We ate SO much. Probably the most memorable dining experience would have to be Lambert’s. It was my first time ever, and I have to say, I’ve never really wanted to go because the roll-throwing kind of scares me. I can’t catch anything. Literally. I am one of those tall people who can’t work their limbs in a coordinated fashion at all. So it’s just flailing arms everywhere. And I could only envision trying to catch a flying roll and sending one of the extra-large thermos mugs spewing across three tables of unsuspecting people. Yes, this is how my mind works. So, I refused and was tirelessly made fun of. But, that’s ok. All part of the experience. It was really fun and I’d love to go to Lambert’s again, despite my fear of flying rolls.

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Our beach time was awesome. I got in. I got wet. I got clobbered by waves, again and again. I could not stand up in that water. I told Tim that I am officially the most un-athletic person I know. He told me that it wasn’t athleticism I was missing…it was coordination and balance. But, I did NOT get stung by a jellyfish. So, it was pretty much a win all around. As an added bonus, I got to meet another mother who recently adopted four precious kiddos, and I’m so thankful for that connection we’ve made. The fact that everywhere we go, we are meeting people that want to invest in us and support us through this adoption adventure is exactly the confirmation that we need when those tearful, doubtful moments roll around. Thank you Deborah! I am so excited to get to know you guys better.

So, out of all that I’ve said, what I’m really getting at here is, “Thank you!” to everyone who put together this retreat. It was exactly what Tim and I needed after a hectic summer, and it was SO worth all that happened beforehand to get there! So, thank you, thank you, thank you to everyone who helped put it together. Your service did not go unnoticed, and it was SO appreciated.   I am now sitting at home, thrilled to see my three babies again, and I’m already looking forward to next year and hoping that we’ll get to come again and bring the whole crew!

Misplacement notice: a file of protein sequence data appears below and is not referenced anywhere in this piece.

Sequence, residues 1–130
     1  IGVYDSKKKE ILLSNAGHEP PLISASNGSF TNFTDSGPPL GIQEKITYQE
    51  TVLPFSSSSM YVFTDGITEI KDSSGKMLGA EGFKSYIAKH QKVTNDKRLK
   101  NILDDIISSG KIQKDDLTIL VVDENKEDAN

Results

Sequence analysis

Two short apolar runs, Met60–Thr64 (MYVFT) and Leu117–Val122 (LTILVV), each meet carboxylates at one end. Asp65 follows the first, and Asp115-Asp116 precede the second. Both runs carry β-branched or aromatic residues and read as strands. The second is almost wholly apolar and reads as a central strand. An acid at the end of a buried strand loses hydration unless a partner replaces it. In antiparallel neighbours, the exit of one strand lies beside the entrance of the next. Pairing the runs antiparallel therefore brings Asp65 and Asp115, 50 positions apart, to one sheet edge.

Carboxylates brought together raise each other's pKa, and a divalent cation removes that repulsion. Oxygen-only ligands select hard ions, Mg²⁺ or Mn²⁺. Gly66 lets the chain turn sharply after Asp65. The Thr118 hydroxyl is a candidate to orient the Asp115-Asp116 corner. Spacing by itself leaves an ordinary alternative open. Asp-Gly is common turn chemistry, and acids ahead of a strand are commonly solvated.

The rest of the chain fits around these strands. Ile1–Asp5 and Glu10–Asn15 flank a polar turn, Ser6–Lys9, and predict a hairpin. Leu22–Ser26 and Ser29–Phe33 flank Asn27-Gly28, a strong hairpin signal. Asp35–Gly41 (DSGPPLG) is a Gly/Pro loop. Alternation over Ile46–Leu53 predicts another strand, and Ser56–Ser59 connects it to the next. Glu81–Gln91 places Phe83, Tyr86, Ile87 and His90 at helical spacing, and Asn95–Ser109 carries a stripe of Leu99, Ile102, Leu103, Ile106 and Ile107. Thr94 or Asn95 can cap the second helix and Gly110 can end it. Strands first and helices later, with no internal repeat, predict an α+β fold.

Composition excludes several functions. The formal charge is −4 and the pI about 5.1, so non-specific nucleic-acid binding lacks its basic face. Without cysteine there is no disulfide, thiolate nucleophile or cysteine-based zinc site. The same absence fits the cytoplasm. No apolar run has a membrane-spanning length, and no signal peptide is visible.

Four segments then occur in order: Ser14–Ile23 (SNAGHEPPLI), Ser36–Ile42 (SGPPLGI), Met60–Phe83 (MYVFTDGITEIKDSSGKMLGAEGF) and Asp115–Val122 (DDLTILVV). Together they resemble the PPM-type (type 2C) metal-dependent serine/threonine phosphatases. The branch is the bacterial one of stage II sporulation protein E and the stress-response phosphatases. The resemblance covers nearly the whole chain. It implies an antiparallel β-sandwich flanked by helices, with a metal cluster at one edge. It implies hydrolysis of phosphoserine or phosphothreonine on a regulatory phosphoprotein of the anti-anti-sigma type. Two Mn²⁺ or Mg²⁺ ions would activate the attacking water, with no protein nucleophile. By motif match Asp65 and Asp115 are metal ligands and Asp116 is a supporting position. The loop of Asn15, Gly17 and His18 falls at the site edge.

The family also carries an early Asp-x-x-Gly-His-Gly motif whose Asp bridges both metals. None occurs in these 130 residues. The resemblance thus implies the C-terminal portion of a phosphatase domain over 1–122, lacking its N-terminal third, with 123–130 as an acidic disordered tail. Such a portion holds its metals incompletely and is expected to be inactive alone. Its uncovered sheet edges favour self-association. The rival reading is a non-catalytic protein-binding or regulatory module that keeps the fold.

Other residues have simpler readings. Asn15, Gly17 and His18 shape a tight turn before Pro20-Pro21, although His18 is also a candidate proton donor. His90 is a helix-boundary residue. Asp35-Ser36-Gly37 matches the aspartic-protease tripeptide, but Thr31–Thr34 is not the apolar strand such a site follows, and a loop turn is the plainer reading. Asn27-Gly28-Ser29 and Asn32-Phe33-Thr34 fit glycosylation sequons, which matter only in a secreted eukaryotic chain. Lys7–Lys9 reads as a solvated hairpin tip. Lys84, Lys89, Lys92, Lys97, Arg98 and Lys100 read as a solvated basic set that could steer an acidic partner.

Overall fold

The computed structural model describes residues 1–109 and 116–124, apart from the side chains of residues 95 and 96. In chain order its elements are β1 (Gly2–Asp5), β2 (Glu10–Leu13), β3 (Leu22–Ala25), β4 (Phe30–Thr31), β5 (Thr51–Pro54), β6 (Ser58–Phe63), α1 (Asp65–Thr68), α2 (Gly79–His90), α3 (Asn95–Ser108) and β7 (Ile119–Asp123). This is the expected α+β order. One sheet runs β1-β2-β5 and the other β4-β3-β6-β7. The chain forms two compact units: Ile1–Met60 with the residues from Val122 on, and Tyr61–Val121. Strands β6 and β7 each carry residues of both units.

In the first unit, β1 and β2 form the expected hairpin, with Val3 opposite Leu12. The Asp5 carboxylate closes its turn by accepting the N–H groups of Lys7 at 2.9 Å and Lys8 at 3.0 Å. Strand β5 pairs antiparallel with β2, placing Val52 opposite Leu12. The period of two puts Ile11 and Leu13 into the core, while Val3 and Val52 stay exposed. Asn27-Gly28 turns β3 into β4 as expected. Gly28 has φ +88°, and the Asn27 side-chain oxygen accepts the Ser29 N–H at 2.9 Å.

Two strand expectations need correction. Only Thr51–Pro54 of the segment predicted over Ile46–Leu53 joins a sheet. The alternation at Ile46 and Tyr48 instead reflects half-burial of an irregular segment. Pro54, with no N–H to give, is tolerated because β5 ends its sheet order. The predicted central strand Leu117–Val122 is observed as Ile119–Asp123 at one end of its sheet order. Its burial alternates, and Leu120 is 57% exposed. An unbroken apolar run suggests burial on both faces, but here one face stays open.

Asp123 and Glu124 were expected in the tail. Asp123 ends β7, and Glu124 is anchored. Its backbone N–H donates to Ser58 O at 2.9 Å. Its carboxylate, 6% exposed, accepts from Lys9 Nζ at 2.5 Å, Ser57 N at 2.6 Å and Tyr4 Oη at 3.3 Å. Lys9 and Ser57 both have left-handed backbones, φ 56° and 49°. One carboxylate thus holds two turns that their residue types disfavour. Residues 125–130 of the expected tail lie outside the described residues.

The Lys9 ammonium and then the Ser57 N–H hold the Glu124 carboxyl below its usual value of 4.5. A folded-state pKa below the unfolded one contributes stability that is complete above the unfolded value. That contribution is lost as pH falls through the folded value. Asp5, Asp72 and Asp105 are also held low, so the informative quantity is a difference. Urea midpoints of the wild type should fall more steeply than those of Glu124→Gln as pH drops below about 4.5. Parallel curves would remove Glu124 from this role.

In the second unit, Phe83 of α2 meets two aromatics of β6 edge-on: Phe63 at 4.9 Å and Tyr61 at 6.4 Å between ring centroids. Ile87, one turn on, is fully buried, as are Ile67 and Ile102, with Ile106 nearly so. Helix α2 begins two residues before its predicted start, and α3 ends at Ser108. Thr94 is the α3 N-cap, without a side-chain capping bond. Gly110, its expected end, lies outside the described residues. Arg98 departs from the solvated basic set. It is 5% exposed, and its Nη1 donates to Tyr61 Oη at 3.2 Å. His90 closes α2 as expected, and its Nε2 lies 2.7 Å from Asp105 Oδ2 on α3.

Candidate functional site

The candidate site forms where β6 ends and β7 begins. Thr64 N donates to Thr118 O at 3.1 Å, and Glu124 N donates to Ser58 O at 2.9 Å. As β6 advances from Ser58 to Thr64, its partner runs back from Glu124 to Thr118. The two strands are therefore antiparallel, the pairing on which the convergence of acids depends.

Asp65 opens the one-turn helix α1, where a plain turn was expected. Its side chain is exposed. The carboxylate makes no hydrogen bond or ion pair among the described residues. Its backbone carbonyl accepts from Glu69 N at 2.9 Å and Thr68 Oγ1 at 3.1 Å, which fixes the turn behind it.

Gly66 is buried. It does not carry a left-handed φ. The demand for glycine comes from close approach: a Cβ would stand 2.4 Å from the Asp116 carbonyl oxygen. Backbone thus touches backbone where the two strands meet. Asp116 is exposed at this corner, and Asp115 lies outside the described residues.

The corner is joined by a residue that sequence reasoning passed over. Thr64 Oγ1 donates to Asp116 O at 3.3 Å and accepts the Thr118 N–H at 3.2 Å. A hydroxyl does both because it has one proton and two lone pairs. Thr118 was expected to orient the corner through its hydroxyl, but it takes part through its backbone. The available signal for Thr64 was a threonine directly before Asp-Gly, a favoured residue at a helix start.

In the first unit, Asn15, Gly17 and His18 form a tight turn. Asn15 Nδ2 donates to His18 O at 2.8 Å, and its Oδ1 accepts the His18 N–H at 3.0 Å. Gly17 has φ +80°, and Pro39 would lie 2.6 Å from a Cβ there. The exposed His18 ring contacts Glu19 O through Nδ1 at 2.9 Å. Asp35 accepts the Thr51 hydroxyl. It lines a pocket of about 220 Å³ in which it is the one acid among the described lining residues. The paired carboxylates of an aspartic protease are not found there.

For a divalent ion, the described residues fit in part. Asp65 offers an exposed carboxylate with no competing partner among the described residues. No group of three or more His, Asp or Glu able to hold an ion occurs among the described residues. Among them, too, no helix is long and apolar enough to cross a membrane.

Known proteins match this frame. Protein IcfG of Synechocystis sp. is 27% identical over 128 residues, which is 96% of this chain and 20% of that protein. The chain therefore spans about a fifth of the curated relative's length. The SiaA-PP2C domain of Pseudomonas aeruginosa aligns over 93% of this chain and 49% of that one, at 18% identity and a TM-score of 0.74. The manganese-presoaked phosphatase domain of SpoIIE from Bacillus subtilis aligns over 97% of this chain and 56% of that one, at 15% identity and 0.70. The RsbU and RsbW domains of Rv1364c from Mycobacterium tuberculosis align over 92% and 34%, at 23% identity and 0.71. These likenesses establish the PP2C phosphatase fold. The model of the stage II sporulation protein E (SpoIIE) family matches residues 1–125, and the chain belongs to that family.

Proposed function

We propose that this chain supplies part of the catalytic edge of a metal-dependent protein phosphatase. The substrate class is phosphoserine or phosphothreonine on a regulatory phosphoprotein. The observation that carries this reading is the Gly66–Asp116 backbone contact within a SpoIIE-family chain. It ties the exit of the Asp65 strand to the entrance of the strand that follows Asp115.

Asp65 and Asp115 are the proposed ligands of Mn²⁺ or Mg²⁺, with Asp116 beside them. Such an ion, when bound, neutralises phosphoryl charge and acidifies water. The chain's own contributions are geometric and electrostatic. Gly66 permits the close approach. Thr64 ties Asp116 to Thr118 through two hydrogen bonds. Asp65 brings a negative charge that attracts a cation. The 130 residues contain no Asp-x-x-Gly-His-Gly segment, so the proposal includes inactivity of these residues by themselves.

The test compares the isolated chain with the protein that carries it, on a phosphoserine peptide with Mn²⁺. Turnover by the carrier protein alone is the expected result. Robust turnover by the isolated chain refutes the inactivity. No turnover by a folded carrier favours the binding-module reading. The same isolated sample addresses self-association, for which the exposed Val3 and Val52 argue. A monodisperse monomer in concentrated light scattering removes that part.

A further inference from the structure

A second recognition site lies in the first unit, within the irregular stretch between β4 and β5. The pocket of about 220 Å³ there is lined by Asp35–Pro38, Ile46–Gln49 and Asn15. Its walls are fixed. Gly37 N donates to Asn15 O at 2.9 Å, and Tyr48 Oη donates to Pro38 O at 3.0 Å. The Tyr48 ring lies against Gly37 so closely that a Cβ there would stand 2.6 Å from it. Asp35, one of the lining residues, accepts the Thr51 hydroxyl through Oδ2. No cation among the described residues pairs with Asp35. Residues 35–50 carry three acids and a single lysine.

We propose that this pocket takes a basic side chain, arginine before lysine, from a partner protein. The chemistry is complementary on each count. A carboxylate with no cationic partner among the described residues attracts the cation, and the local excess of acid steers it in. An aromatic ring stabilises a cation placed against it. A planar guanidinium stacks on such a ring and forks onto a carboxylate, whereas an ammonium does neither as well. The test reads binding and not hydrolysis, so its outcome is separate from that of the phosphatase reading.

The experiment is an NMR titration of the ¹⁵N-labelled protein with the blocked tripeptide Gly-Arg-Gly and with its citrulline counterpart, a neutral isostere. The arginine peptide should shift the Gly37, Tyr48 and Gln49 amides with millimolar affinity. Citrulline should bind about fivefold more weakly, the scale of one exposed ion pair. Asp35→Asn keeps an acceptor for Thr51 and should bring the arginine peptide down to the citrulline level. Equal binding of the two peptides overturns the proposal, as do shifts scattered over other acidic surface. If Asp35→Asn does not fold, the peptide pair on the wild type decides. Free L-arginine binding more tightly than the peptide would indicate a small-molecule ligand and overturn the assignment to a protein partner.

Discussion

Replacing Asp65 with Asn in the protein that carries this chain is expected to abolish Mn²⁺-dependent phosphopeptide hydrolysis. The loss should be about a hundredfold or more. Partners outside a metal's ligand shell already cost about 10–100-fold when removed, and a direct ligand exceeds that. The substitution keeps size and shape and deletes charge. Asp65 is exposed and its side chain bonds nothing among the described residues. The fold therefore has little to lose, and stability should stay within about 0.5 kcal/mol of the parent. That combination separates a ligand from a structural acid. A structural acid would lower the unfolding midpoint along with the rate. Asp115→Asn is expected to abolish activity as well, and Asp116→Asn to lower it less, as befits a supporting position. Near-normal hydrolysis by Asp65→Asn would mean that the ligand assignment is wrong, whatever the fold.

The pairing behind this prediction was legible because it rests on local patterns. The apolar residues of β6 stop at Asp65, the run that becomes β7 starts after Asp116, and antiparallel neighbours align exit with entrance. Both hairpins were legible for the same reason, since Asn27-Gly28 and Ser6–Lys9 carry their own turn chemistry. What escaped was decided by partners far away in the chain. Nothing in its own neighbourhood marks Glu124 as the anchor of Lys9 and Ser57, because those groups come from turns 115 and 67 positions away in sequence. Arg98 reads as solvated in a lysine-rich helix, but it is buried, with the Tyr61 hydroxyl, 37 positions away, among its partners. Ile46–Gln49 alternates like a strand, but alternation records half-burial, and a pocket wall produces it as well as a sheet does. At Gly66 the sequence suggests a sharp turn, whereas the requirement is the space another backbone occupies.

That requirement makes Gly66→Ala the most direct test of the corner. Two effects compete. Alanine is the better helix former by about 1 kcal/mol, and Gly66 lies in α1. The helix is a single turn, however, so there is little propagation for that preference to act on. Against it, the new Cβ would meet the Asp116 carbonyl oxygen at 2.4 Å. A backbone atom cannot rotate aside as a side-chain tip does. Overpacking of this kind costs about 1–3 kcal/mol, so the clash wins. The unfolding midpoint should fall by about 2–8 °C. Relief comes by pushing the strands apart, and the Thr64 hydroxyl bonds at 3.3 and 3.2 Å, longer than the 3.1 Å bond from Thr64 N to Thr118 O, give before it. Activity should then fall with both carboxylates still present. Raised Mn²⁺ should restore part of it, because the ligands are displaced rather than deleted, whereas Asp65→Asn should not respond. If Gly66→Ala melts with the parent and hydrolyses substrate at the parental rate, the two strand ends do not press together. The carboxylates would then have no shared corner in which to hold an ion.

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Lead Summit: Thank You

IMG_0352

Tim and I had the awesome opportunity to attend the Lead Summit Retreat with the staff from Lonoke Baptist Church. We drove 10 hours to Gulf Shores, AL to spend a few days resting, gaining encouragement, and building bonds.  I have really been looking forward to it. I didn’t know much about it, since I somehow missed the Facebook page that everyone else seemed to know about, so I thought we would be heading back home Sunday and actually, we’ll be back Monday. Oops…sorry grandparents! I never do things like that, but it’s been a little wild around my house lately so this one slipped up on me.